Synopsis: The Christmas season offers little cheer for Eileen Dunlop, an unassuming yet disturbed young woman trapped between her role as her alcoholic father’s caretaker in a home whose squalor is the talk of the neighborhood and a day job as a secretary at the boys prison, filled with its own quotidian horrors.
Consumed by resentment and self-loathing, Eileen tempers her dreary days with perverse fantasies and dreams of escaping to the big city. In the meantime, she fills her nights and weekends with shoplifting, stalking a buff prison guard named Randy, and cleaning up her increasingly deranged father’s messes. When the bright, beautiful, and cheery Rebecca Saint John arrives on the scene as the new counselor at the prison, Eileen is enchanted and proves unable to resist what appears at first to be a miraculously budding friendship. But her affection for Rebecca ultimately pulls her into complicity in a crime that surpasses her wildest imaginings.
Review: What a messy book with such unlikeable characters.
I was well and truly captured in the first chapter of this one, our main character Eileen is… different. Strange and odd but very sure of herself, both in her current life and in her past. I was intrigued to see where the book would take us.
Despite this not having being a long book, it did take me a long time to get through it. Once the initial intrigue of the start waned, it didn’t have me an enamoured as I would have liked. The character study was interesting but bleak and slow and I did feel like some of what we were learning went on for too long.
However, by the time we got to the end, I was gripped again. I didn’t see the ending coming, it was superb! ⭐⭐⭐⭐
Synopsis: Almost every day, the Woman in the Purple Skirt buys a single cream bun and goes to the park, where she sits on a bench to eat it as the local children taunt her. She is observed at all times by the undetected narrator, the Woman in the Yellow Cardigan. From a distance the Woman in the Purple Skirt looks like a schoolgirl, but there are age spots on her face, and her hair is dry and stiff. Like the Woman in the Yellow Cardigan, she is single, she lives in a small, run-down apartment, and she is short on money. The Woman in the Yellow Cardigan lures her to a job where she herself works, as a hotel housekeeper; soon the Woman in the Purple Skirt is having an affair with the boss. Unfortunately, no one knows or cares about the Woman in the Yellow Cardigan. That’s the difference between her and the Woman in the Purple Skirt.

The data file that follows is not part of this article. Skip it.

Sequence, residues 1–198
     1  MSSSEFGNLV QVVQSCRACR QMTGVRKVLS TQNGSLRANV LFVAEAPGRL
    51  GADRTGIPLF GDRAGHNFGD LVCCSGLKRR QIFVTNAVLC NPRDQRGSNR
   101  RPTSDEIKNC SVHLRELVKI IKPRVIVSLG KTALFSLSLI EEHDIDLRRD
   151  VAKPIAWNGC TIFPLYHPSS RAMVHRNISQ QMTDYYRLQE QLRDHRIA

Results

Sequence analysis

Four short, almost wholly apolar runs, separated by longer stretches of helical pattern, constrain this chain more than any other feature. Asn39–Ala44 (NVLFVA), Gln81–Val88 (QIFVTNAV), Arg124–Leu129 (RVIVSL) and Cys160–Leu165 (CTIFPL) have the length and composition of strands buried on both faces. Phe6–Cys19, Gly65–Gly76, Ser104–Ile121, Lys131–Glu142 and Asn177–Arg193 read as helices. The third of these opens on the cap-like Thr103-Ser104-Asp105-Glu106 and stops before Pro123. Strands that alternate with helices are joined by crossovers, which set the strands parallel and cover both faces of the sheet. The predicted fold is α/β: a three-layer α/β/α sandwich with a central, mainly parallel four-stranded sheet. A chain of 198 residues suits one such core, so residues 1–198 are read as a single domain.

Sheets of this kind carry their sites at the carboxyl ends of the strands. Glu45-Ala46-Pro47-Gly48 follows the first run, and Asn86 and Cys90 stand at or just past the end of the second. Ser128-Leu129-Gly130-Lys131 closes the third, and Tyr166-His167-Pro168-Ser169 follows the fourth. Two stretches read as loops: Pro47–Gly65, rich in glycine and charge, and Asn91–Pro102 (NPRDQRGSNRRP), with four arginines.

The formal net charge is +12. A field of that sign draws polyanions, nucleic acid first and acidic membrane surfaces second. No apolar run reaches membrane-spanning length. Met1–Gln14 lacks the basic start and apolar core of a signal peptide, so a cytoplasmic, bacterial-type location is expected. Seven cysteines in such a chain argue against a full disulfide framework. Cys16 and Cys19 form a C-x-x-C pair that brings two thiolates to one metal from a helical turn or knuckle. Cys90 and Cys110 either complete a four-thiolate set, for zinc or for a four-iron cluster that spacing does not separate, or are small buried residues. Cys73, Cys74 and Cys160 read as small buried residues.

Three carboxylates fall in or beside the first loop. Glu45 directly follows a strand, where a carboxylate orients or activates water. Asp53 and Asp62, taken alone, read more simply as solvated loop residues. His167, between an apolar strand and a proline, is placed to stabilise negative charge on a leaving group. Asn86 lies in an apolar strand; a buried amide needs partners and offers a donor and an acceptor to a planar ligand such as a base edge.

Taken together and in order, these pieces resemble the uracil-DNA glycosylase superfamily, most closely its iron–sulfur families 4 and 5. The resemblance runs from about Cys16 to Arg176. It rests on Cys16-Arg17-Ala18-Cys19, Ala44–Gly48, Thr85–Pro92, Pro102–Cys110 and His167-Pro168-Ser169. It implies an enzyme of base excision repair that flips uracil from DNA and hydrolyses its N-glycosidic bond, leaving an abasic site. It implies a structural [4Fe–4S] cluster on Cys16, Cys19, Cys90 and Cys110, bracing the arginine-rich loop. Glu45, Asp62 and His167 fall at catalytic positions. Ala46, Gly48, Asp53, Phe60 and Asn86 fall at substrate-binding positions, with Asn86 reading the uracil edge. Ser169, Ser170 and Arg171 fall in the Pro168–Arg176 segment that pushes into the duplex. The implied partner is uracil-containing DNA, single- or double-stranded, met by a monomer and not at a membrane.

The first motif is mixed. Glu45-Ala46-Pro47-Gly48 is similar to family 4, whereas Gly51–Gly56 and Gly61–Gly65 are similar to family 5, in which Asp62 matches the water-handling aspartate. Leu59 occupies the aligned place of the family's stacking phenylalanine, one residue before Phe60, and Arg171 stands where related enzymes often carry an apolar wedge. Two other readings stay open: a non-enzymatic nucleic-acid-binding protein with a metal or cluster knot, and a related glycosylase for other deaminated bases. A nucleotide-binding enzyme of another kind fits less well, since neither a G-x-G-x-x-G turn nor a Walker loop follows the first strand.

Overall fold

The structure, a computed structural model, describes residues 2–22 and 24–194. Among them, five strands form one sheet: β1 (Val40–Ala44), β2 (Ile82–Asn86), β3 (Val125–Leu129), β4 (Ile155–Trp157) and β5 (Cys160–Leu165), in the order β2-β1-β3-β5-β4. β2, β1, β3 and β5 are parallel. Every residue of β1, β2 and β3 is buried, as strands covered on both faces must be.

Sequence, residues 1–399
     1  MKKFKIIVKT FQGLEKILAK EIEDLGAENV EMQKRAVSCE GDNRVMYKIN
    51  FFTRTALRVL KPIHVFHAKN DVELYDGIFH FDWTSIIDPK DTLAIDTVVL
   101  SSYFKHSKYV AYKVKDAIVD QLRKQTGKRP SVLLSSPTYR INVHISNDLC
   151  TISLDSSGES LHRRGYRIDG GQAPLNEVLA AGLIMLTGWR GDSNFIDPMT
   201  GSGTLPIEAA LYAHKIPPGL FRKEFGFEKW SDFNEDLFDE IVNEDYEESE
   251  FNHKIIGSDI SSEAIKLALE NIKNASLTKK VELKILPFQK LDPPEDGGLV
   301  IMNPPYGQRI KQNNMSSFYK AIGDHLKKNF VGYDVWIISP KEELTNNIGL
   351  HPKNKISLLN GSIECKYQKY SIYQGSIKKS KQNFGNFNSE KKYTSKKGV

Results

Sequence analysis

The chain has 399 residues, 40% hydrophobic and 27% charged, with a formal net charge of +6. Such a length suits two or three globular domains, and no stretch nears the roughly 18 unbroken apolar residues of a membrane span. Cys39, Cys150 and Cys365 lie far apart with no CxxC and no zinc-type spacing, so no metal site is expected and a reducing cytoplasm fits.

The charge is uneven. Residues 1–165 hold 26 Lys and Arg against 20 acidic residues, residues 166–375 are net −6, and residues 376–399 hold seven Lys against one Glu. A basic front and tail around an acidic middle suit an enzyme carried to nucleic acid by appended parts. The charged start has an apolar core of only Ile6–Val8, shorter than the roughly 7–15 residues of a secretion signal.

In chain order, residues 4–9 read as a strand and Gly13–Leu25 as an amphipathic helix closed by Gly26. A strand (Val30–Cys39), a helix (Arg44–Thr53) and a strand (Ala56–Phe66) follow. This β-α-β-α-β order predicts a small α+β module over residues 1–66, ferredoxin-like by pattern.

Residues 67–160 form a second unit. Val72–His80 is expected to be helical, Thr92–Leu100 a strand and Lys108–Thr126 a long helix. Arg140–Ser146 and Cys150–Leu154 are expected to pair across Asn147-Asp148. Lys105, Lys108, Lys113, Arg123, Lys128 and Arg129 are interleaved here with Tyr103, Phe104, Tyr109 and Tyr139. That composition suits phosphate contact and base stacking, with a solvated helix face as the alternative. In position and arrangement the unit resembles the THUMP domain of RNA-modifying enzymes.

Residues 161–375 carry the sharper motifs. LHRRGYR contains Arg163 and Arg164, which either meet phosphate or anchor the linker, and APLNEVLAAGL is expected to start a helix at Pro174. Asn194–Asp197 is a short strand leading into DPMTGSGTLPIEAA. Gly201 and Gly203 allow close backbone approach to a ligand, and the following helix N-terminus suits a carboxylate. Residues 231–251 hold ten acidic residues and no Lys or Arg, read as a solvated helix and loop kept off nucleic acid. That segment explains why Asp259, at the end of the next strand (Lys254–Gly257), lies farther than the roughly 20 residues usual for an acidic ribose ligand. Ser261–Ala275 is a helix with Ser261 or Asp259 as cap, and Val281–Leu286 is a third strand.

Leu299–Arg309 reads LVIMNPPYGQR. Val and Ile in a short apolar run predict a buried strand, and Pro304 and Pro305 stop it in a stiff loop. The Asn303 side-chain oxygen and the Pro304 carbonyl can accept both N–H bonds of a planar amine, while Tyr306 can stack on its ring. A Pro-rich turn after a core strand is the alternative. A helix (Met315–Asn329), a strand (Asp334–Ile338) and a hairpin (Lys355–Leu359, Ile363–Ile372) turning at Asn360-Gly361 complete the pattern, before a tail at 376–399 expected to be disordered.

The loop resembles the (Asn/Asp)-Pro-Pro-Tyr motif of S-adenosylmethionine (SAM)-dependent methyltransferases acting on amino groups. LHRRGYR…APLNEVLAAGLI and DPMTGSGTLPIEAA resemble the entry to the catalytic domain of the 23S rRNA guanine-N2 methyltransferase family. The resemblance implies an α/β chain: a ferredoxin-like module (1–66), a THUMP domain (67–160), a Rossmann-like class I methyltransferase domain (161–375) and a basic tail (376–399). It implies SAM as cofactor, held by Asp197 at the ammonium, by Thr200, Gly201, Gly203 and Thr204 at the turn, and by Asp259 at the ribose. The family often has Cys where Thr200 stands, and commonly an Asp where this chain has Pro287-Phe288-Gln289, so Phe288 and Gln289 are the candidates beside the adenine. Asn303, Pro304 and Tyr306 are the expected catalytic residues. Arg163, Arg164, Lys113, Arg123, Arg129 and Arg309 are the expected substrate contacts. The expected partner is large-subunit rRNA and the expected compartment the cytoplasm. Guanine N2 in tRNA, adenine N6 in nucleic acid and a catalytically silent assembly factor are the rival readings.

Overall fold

Review: This was interesting but a pretty standard little book about stalking, obsession & manipulation. I liked the deadpan writing style and it was an incredibly quick read.
I was hoping this one would be more unsettling but it followed a basic plot on stalking. It was good but not one I will remember. ⭐⭐⭐
Synopsis: In a forgotten patch of French countryside, a woman is battling her demons embracing exclusion yet wanting to belong, craving freedom whilst feeling trapped, yearning for family life but at the same time wanting to burn the entire house down. Given surprising leeway by her family for her increasingly erratic behaviour, she nevertheless feels ever more stifled and repressed. Motherhood, womanhood, the banality of love, the terrors of desire, the inexplicable brutality of another person carrying your heart forever Die, My Love faces all this with a raw intensity. It’s not a question of if a breaking point will be reached, but rather when and how violent a form will it take?
Review: An uncomfortable and raw read. An unflinching look at a mentally unwell mother who is battling violent urges and dark inner thoughts, who is unsatisfied and angry and bored with her existence. Not a book for everyone but I really enjoyed the journey. Plus the translation was absolutely flawless! ⭐⭐⭐⭐